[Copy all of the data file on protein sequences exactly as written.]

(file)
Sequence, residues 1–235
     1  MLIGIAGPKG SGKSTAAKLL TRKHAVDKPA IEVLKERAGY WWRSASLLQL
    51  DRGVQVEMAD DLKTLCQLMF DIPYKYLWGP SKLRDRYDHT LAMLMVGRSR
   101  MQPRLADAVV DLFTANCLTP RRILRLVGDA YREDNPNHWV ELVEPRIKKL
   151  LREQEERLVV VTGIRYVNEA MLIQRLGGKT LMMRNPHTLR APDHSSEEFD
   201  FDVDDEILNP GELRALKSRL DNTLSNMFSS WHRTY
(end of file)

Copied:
Sequence, residues 1–235
     1  MLIGIAGPKG SGKSTAAKLL TRKHAVDKPA IEVLKERAGY WWRSASLLQL
    51  DRGVQVEMAD DLKTLCQLMF DIPYKYLWGP SKLRDRYDHT LAMLMVGRSR
   101  MQPRLADAVV DLFTANCLTP RRILRLVGDA YREDNPNHWV ELVEPRIKKL
   151  LREQEERLVV VTGIRYVNEA MLIQRLGGKT LMMRNPHTLR APDHSSEEFD
   201  FDVDDEILNP GELRALKSRL DNTLSNMFSS WHRTY